Posts Tagged ‘sezen aksu’
We are very excited to announce the launch of our latest venture – the Songlines iPad edition. We are now offering a free trial of issue #79 (October 2011) available for download at the iTunes App Store here.
We’ve had a lot of interest in an iPad edition from subscribers and we are glad to respond with this free trial. Subsequent issues will be available to download as individual purchases or as part of an annual subscription through the Newsstand platform in the iTunes App store.
Interactive features including audio samples of the Top of the World and bonus CDs and links to websites and videos will make this edition of the magazine a wonderful resource. For the first time, photography, features, interviews and reviews spanning music from across the globe will become available at fingertip proximity.
Visit the iTunes App Store to download the complimentary trial issue, featuring the Touareg rockers Tinariwen, Turkish pop diva Sezen Aksu, the guitar ans ritti duo JuJu, young folk star Jackie Oates, and Malian songbird Fatoumata Diawara.
Yesterday Editor-in-chief Simon Broughton reviewed the London performances of two of the biggest music stars from the Middle East, which you can read here. We hope you enjoy our photo gallery from the two performances courtesy of photographers Borna Izadpanah (Shajarian) and Rii Schroer (Sezen Aksu).
Photos of Mohammad Reza Shajarian courtesy of Borna Izadpanah.
Photos of Sezen Aksu courtesy of Rii Schoroer (www.riischroer.com).
Mohammad Reza Shajarian – Royal Festival Hall, London, October 18
Sezen Aksu – Royal Albert Hall, London, October 20
In an extraordinary coincidence, London saw performances of two of the biggest music stars from the Middle East just two days apart. The great Iranian singer Shajarian performed to a packed out Festival Hall – over 90% Iranian I reckon – that gave a standing ovation the moment he walked on. He was with a 16-piece orchestra unlike anything I’ve seen – with traditional Persian instruments but also new inventions by Shajarian himself. He’s become a hugely significant figure, particularly for the exile community, as he has spoken out against policies of the Iranian regime and no longer gives concerts there. However, he said absolutely nothing to the audience onstage in London, but just let the music speak. Discreetly in a box at the side was Googoosh, Iran’s pop diva of the 1970s, before the Islamic revolution.
Sezen Aksu is Turkey’s pop diva – a hugely successful artist who not only writes hugely popular songs, but is outspoken on many controversial issues at home. It was obviously unfortunate that her concert coincided with PKK attacks on Turkish soldiers in Turkey and the Turkish army responding with raids into northern Iraq. Much of Turkey was in mourning and it brought a subdued mood to the concert with a string of slow numbers. From her new album she did ‘Vay’ – a song of dark nights and separation, but one of the most beautiful. For her fans in the Albert Hall she could do no wrong. Her classic ‘Geri Don’ had the audience singing along early on and the lights of mobile phones filming were like shimmering candles round the hall. Aksu has a wonderful gravelly quality to her voice, but at times she was seriously out of tune. While Shajarian refused to say anything onstage, Aksu hardly stopped. She ended her speech about the Kurdish attacks saying “Whatever a person’s cause it will never be holier than an honourable peace.” She had a terrific band with each of them given a solo spot to shine – but most impressive was pianist Fahir Atakoğlu who opened the set with an amazing Bartók meets Keith Jarrett solo.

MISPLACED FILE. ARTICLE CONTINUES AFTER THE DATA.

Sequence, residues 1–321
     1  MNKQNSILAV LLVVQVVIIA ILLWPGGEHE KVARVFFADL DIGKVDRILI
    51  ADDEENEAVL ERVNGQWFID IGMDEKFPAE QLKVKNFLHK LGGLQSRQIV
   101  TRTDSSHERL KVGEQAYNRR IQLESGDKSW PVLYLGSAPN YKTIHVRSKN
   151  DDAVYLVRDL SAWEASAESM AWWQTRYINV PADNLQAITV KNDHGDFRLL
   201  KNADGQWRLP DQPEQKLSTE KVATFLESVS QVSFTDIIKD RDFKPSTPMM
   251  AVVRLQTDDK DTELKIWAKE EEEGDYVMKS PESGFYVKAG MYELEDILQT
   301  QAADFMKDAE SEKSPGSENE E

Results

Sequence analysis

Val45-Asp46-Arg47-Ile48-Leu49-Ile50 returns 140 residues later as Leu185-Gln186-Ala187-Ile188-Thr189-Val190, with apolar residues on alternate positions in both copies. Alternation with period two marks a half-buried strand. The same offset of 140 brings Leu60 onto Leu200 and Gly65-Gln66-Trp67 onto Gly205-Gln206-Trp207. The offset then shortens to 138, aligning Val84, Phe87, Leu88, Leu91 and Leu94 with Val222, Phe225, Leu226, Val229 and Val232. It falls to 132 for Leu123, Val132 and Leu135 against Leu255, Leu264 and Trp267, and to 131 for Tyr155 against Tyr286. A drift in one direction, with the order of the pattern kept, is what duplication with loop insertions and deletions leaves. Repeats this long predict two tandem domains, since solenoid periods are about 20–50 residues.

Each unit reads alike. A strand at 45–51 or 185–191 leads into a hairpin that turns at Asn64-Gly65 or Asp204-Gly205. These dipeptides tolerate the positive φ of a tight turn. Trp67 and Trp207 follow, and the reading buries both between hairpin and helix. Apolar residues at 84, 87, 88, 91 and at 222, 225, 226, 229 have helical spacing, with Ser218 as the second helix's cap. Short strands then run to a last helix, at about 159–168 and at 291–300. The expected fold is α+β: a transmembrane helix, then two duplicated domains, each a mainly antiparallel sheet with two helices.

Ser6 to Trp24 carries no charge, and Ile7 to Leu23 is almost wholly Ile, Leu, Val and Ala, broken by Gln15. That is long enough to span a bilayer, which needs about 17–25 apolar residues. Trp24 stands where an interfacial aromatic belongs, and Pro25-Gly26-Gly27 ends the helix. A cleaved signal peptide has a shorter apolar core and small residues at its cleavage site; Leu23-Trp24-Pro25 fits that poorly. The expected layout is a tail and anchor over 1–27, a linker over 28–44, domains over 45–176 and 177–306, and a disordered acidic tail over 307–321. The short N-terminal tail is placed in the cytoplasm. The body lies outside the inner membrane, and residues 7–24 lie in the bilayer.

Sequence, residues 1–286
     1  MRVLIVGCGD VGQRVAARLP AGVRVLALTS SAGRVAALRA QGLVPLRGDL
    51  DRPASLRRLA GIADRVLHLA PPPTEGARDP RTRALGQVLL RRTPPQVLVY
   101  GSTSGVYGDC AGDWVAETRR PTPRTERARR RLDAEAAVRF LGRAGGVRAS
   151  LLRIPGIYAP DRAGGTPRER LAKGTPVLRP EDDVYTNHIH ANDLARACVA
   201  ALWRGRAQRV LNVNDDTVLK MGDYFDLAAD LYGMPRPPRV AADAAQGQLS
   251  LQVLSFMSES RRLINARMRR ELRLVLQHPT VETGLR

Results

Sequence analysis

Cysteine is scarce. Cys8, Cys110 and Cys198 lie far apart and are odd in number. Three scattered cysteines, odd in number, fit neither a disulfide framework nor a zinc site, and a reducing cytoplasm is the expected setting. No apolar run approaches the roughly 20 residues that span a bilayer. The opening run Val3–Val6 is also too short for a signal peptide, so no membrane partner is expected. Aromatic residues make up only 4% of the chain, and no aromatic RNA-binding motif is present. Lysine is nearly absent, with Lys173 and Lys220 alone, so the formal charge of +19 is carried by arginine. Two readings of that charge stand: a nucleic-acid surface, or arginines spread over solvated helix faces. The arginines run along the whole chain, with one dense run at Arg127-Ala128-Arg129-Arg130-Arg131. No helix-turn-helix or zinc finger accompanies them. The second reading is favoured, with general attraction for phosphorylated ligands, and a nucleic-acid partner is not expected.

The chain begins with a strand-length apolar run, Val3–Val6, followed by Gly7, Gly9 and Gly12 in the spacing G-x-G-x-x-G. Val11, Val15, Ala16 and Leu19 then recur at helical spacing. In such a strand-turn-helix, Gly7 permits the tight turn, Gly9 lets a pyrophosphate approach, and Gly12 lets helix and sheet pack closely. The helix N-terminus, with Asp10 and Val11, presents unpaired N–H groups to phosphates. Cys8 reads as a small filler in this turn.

But it was Shajarian’s concert that had real musical class. He has a superb voice, but not speaking Farsi I find the excessive vibrato sounding mannered. The texts were classic poems by Hafez, Saadi and Mowlana (Rumi), as well as the contemporary poet Sayeh. For me it was the singing of his daughter, Mojgan (which wouldn’t be permitted at all in Iran, as women can’t sing solo to a mixed audience) and the instrumentalists that shone. The musical director was tar player Majid Derakhshani, who brought a muscularity to an instrument that can often sound a little feeble. Other memorable moments included a shimmering duet for hammer dulcimers santur and tondar (one of Shajarian’s creations) and the sound of a whole load of plucked and bowed string instruments I’ve never seen before. At the end there was an instant ovation and two popular encores – ‘Morgh-e Sahar’ and ‘Hamrah Sho Aziz’ – that people recognised immediately with a yelp of delight and applause. It brought a welcome feeling of contact between Shajarian and the audience. ‘Morgh-e Sahar’ can be interpreted as a lament for the situation at home and ‘Hamrah Sho Aziz’, a revolutionary song from 1979 by santur player Parviz Meshkatian in whose memory the concert was dedicated. It’s important to remember that many musicians were behind the revolution in 1979 with a hope to lessen American influence and revive Persian culture. During the final bow every member of the orchestra was given a white rose and finally Shajarian collected them all together and with great force threw out one by one to the four corners of the Festival Hall.
Photo of Sezen Aksu by Rii Schroer
Check back tomorrow for a gallery of images from the two concerts.
Now that you’ve had a chance to read about all the exciting music featured in the current issue of Songlines, don’t forget that you can watch it and listen to it too. Each issue, we create a YouTube playlist of featured videos to help give the full interactive experience. You can view the playlist here.
Some of the highlights of this issue’s videos include:
Deolinda ‘Que Parva Que Eu Sou’
Tinariwen featuring TV on the Radio ‘Tenere Taqhim Tossam’
Sezen Aksu ‘Unuttun Mu Beni’
JuJu ‘Miriama Trance’